Smart budgeting – smart councils

Smart budgeting – smart councils

Maia Beresford and Claire Mansfield from the New Local Government Network (NLGN) shed light on how some councils are embracing new ways of budgeting…


When you think of public service innovation, you might think of fluorescent post-it notes, Lego, and innovation ‘labs’ where passionate hipsters dash about formulating ideas to join-up services around citizens’ needs. You might think of digital technology – iPad apps and running your life through your phone. What you almost certainly won’t think of is spreadsheets and budget books.

But the process of budget setting is the foundation of all good innovation.

Traditionally, budgeting in English councils has been incremental. In the context of austerity, this means using previous years’ budgets as a starting point, and ‘salami slicing’: setting an amount each department needs to reduce its budget by compared to the previous year, and tasking each department with going through line by line to see what can be lost. While councils might have strategic plans relating to ‘prevention’, ‘personalisation’ and ‘integration’ – this innovative intent is often lost in this incremental budgeting process which focuses on siloed and short-termist cuts.

But the tide is starting to turn. In NLGN’s recent report ‘Smart Budgeting’ we outlined how some councils are embracing new ways of budgeting which support rather than stifle more transformative and invest-to- save practice. These new budgeting activities involve shifting the focus to outcomes rather than outputs, using and integrating both financial and non-financial evidence when making decisions, and building long term planning for prevention into the budget process.

A good example of this in practice is the London Borough of Lambeth. In 2014 they decided to move from a standard incremental and siloed approach, and instead reorganised their spending around 3 key outcomes. Each outcome was managed by a panel, comprising relevant officers and politicians from across council teams, which was tasked with generating new approaches to delivery and backing them up with a business case which fed into the final budget. Whilst outcomes were only aligned with the revenue budget at first, after the second year the council have been considering outcomes in relation to wider resources including its capital programme, the spending of key partners, and community assets.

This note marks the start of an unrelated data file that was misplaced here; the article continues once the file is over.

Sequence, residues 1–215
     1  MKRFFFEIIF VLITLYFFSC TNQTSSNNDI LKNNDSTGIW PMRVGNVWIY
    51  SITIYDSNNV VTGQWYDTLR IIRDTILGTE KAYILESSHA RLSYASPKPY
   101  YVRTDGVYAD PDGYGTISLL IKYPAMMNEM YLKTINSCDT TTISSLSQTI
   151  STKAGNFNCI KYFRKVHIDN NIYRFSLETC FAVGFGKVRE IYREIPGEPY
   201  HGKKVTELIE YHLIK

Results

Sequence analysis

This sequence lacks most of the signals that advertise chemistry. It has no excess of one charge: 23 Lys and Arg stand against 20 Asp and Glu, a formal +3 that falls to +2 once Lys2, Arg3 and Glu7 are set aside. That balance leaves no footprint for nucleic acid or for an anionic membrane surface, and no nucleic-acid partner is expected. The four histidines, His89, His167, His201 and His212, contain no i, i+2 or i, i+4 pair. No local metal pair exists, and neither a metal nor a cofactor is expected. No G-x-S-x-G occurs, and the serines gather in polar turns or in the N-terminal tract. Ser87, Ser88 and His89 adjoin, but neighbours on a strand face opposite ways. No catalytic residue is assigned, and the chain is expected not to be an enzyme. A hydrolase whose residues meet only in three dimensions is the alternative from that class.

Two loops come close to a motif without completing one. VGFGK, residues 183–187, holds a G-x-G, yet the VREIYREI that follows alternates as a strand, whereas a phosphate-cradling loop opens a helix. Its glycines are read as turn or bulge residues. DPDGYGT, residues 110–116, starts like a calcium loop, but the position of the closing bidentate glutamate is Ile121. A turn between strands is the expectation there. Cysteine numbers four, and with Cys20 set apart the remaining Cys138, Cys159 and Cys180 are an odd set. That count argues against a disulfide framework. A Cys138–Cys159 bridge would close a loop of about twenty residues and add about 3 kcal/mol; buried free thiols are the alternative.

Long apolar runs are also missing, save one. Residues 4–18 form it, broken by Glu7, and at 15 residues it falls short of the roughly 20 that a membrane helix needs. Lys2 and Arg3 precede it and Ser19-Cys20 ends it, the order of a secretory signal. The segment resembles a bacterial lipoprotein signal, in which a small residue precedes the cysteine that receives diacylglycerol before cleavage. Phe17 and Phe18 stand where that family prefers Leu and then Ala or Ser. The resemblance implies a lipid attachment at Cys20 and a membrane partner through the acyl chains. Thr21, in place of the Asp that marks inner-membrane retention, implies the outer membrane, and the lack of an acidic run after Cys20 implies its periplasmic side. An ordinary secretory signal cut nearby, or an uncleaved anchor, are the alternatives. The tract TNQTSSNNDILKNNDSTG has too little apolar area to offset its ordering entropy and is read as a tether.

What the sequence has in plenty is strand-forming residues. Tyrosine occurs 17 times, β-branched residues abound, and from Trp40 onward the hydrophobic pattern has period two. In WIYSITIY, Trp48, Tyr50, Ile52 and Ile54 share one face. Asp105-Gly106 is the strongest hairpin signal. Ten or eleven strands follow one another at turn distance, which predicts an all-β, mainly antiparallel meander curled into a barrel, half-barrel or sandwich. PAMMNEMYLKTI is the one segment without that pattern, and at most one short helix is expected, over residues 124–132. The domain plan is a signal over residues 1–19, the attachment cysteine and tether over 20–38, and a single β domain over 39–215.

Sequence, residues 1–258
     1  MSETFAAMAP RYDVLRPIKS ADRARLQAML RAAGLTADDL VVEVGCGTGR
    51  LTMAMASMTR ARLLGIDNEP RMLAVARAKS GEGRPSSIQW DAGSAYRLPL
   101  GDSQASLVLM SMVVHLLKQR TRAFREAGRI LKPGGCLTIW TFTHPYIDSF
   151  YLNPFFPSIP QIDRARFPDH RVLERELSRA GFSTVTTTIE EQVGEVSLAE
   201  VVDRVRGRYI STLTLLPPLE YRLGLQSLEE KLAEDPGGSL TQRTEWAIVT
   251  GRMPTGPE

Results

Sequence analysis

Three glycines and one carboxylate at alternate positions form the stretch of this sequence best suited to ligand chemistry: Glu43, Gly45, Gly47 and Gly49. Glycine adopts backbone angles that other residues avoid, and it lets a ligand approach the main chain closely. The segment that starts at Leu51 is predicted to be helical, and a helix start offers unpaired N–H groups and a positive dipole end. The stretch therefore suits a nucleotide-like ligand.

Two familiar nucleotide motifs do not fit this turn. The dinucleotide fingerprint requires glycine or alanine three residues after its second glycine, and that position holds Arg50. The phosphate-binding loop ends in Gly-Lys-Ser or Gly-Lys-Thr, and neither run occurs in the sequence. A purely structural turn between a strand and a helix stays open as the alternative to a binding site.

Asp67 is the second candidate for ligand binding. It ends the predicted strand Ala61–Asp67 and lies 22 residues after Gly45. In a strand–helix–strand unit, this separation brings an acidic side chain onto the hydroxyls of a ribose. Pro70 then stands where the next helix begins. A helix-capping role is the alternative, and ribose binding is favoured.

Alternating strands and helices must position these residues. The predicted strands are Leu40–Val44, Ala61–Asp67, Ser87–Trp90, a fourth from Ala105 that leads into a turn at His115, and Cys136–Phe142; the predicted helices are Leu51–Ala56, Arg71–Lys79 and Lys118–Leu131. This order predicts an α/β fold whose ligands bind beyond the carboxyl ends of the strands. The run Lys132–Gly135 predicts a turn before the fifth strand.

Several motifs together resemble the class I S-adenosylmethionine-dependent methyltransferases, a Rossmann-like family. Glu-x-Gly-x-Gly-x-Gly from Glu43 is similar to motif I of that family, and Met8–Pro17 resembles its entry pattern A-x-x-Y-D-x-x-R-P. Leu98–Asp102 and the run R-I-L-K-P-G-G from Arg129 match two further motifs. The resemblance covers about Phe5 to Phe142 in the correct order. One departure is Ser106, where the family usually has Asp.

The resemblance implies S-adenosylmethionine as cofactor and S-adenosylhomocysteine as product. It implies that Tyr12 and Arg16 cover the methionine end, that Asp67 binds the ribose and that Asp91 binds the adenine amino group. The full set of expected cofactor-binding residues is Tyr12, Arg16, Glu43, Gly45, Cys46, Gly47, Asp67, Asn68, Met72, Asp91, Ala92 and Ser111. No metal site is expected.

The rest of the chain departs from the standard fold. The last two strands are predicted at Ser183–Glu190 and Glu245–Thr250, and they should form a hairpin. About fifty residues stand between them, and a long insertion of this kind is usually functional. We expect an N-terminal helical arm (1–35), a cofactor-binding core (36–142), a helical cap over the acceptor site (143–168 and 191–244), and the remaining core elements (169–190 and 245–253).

Far from being stuffy people with calculators setting arbitrary savings targets, finance departments in councils like Lambeth are not just supporting transformation, but spearheading it: they are taking the lead in bringing together staff and service users from across their councils to come up with better ways of doing things, and working with them to slot new plans into a more holistic budget.

There are big central government issues that need addressing in order to fully enable transformative budgeting. Councils need greater flexibility and ability to integrate their budgets with other public service providers, and more certainty over funding in the medium to long term. Some of this was addressed in the Election 2015 manifestos, but we will want to see real changes as early as possible in the term of any new government.

But even without fundamental change in these areas, there is much that councils can do and are doing.

Granted, these are early days. All our case study areas have issues to iron out, and are still experimenting and adapting their approaches accordingly. Additionally their practice is far from the norm. But what is reassuring is these councils’ commitment to change and other areas’ willingness to try new approaches. Over 80% of the councils we surveyed were open to experimenting, and given the high level of interest our report has had since publication, we expect to increasingly see forward thinking councils adopting these processes.

This has come none too soon. It has been estimated that councils will face a £12.4bn spending gap by the end of the decade. With reductions in funding, the alternative is hollowed out services which fail to deliver benefits to their residents and councils facing increased levels of need. To put it simply, without embracing these new approaches, local authorities are facing 21st century problems with a 20th century approach to budgeting. We commend councils to embrace a change.

Maia Beresford and Claire Mansfield are authors of NLGN’s report ‘Smart Budgeting: Integrating Financial and Strategic Planning for Outcomes’.

Maia Beresford- Researcher

Claire Mansfield- Senior Researcher

New Local Government Network (NLGN)

Tel: +44 (0)207 148 4601


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